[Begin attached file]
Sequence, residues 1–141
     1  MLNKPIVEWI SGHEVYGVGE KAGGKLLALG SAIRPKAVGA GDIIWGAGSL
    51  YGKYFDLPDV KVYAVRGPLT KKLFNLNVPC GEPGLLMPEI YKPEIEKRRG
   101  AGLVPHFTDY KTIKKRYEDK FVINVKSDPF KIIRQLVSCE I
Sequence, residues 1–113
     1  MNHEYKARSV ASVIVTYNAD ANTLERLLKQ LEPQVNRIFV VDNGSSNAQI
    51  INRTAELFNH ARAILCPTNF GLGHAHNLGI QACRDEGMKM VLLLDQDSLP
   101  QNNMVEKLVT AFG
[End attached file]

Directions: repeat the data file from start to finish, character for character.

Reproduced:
Sequence, residues 1–141
     1  MLNKPIVEWI SGHEVYGVGE KAGGKLLALG SAIRPKAVGA GDIIWGAGSL
    51  YGKYFDLPDV KVYAVRGPLT KKLFNLNVPC GEPGLLMPEI YKPEIEKRRG
   101  AGLVPHFTDY KTIKKRYEDK FVINVKSDPF KIIRQLVSCE I
Sequence, residues 1–113
     1  MNHEYKARSV ASVIVTYNAD ANTLERLLKQ LEPQVNRIFV VDNGSSNAQI
    51  INRTAELFNH ARAILCPTNF GLGHAHNLGI QACRDEGMKM VLLLDQDSLP
   101  QNNMVEKLVT AFG